Photo credits:
Stewen Quigley

From the Principal

The Principal's Note
6 July, 2020

A Note on Crises and Solidarity

As the spring semester of 2020 has come to an end, we are still living in the midst of the Corona pandemic.
The Covid-19 outbreak came with a number of new challenges: How to uphold and nurture a community
of fellows largely at a distance? How to cope with uncertainty and risk as ingredients in everyday scholarly
life? And how to find new ways of communicating and socializing across spatial distances?

With crisis come not only trauma and shock, but also new ways of navigating around restrictions, and new
inventions. We at the Swedish Collegium have, as have other institutes for advanced study in our international
networks, added a variety of forms of mediated communication to our repertoire.  By launching our new pod-
cast series, SCAS Talks, we are able to reach new listeners and engage in the pandemic crisis academically,
as it were, by inviting scholars from different disciplines to share their knowledge about the topic. The first
three podcasts can now be found on our website, featuring different voices on the pandemic from medical,
historical, and ideational perspectives.

Apart from the medical hazards associated with the disease, the pandemic has also given fuel to divisive
stereotyping around nationalities – something we do not need in times like these. With the spread of the
virus, national borders have been re-articulated and strengthened, human mobility has been severely re-
strained, and fabricated ethnic and cultural distinctions have been accentuated. The Covid-19 pandemic
has shown how fragile the global system is. The pandemic represents an unprecedented test of human
solidarity and of the ability of the transnational consciousness to stay alive and alert.

But the pandemic crisis has also shown how strong our global connectivity and consciousness are. The
academic community is inherently transnational, and during the last few months this has become evident
by the intensification of our international networks and web-based activities. There is certainly hope for a
strengthened and more cosmopolitan future.

The Covid-19 outbreak is not the only crisis we have seen this spring. From across the Atlantic, we also have
been witnessing profoundly disturbing incidents highlighting an equally alarming crisis: ongoing and institutiona-
lized racism toward African Americans. Sadly, these tragedies are reminders of the many oppressive structures
that hinder humans across the world to lead the lives they wish to live. They are found in all sectors of society,
and at all layers. We also recognize that structural racism, and other forms of discrimination, is evinced in our
academic institutions, in higher education, in access to faculty positions, to publication opportunities, and to
inclusion in academic networks.

As scholars, we have a responsibility to illuminate the mechanisms that enable structural inequalities—to
question oppressive governance regimes and economic logics, and to contribute to shedding light on societal
designs that allow for discrimination to continue. We also need to go beyond observation and study, and
beyond introspection, to commit to inviting diverse voices and forms of knowledge to be equally respected.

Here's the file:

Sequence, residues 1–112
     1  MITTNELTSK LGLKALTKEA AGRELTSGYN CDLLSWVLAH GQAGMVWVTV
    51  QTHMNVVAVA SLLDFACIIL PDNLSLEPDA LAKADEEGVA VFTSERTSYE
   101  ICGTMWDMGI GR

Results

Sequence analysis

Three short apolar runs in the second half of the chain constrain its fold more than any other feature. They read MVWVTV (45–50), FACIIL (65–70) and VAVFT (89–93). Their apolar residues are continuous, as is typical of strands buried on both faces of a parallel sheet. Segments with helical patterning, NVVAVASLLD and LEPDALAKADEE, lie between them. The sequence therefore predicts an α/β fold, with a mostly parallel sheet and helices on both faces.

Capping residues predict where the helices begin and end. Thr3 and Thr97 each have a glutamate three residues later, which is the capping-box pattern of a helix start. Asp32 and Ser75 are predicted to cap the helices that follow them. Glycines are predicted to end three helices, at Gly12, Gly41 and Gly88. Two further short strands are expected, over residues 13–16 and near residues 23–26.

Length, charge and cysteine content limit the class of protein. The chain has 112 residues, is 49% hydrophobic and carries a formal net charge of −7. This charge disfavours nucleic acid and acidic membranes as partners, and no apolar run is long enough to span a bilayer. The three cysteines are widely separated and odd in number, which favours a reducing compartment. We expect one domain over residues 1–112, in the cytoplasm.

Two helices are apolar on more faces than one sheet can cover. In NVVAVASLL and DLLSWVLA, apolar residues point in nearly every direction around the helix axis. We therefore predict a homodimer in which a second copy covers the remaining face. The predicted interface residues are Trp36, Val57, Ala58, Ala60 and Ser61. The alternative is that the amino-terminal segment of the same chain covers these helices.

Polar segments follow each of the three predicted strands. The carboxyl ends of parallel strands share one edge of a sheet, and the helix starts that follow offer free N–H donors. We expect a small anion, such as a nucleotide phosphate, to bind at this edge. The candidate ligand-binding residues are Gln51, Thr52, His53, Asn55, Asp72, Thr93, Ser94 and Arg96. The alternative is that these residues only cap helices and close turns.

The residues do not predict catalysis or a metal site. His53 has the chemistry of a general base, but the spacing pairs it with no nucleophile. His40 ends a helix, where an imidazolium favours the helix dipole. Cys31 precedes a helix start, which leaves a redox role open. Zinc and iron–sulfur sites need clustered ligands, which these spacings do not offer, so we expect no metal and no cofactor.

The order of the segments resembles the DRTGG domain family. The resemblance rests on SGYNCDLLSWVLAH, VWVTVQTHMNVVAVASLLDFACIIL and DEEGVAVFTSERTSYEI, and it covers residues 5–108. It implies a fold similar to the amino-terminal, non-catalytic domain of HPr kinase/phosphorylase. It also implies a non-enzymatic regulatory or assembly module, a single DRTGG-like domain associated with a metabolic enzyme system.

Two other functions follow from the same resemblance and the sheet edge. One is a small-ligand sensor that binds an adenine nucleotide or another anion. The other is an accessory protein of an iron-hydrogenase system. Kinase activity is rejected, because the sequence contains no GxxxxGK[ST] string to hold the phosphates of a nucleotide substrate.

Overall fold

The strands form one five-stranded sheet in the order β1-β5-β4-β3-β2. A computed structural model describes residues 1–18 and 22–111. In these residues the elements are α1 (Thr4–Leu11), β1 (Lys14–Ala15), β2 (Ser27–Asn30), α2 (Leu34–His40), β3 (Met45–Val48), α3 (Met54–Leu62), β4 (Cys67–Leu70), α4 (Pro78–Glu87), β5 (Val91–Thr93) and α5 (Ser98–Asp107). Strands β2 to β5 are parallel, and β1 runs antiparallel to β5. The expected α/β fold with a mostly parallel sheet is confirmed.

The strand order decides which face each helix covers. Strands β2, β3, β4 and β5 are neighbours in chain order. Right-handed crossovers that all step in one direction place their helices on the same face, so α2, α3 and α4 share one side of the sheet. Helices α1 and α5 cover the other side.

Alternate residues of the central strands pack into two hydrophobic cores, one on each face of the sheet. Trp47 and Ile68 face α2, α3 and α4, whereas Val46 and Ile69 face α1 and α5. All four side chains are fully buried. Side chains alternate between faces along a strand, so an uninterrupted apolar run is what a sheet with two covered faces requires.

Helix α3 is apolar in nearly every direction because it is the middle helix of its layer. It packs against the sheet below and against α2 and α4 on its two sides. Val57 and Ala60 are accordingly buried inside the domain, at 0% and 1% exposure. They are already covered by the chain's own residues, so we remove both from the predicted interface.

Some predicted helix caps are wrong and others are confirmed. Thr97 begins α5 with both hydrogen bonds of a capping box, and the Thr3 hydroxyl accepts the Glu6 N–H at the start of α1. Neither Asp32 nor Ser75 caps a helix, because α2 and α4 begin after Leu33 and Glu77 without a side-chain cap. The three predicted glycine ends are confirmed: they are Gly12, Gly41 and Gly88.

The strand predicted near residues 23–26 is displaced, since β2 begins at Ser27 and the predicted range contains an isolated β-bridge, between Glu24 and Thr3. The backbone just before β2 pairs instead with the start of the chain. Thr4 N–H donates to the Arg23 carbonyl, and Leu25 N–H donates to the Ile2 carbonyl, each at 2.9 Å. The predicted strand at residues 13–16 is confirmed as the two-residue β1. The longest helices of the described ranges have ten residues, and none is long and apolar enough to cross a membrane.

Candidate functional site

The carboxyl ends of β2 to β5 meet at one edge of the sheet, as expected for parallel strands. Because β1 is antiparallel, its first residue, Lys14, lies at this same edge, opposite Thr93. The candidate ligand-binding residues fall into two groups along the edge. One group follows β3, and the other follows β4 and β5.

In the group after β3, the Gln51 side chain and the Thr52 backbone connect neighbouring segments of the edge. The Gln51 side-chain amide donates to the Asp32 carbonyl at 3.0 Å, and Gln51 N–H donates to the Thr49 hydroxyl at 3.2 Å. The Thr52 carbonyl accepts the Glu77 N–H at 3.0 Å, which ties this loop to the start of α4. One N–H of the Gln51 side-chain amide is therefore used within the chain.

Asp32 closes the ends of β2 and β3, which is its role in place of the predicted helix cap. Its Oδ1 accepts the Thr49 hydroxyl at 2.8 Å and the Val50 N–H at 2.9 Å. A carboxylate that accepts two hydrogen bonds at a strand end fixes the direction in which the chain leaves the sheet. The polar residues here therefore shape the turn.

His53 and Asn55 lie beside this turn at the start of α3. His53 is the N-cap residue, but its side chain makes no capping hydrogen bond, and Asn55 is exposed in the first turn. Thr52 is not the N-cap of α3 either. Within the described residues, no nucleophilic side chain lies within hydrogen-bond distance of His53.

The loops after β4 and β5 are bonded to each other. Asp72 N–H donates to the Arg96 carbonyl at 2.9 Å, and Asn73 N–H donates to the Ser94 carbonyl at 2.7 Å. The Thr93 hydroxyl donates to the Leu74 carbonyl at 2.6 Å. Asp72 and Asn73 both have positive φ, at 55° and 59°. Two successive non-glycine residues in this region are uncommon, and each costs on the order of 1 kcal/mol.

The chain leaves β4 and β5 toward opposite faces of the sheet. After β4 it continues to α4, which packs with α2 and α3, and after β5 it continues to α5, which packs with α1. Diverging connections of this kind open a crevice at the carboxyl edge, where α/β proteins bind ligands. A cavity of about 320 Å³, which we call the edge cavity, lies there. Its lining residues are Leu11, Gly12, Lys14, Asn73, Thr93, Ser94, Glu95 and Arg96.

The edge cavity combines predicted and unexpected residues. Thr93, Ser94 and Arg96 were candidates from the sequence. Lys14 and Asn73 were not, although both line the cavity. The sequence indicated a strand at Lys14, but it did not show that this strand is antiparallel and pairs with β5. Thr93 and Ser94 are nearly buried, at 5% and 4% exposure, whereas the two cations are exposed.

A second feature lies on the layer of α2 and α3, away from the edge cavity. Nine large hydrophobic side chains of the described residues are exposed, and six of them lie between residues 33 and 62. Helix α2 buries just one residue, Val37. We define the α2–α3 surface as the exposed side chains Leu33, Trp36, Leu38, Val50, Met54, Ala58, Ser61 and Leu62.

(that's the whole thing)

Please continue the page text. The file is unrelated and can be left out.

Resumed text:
The Swedish Collegium for Advanced Study is committed to ensuring equal rights and equal opportunities
for all individuals. Our institute rests on a belief that science has a significant role to play in contributing to a
democratic and inclusive future. As one step in this direction, we are launching a new fellowship programme,
the Barbro Klein Fellowship. As Deputy Principal at SCAS and Professor of Ethnology, Professor Klein
devoted her research to oral narration, rituals, museum displays and other forms of expressive culture in
complex multiethnic settings. She also worked on broad methodological issues and on the entangled discipli-
nary histories, with a persistent and clear view to the diversity of the human condition and predicament.

The Barbro Klein Fellowship Programme intends to advance the study of cultural diversity in a global
perspective. The fellowship is open to scholars from across disciplines in the humanities and social sciences,
with an emphasis on research on cultural and social diversity, cultural heritage and creativity, societal structures
and public resistance, and varieties of cultural expressions in local and global perspective.

We are proud to announce the first recipient of this Fellowship: Dr. Inan Özdemir Taştan, who has a PhD in
public relations from Ankara University. Her research project aims to analyze the use of media by governments
during the recent global authoritarian turn and the post-truth era. It investigates the way media work to legitimate
government policies, hide facts from the public and distort reality so as to undermine democratic accountability
under authoritarian regimes. Her research casts light on the role of governments in fostering or delimiting free-
dom of expression, the right of people to have access to information, the right and freedom to conduct academic
research, and the role of the public in fostering the democratic accountability of government.

As we move through this phase of crises and containment, we must plan for recovery and openness. This requires
careful consideration of how and when to gradually ease restrictions, based on the evidence and information we
have at our hands, but also learning to live with ‘a new normal’. In the emerging new society, science, critical and independent thinking, informed and engaged discussions, and transnational solidarity are as important as ever.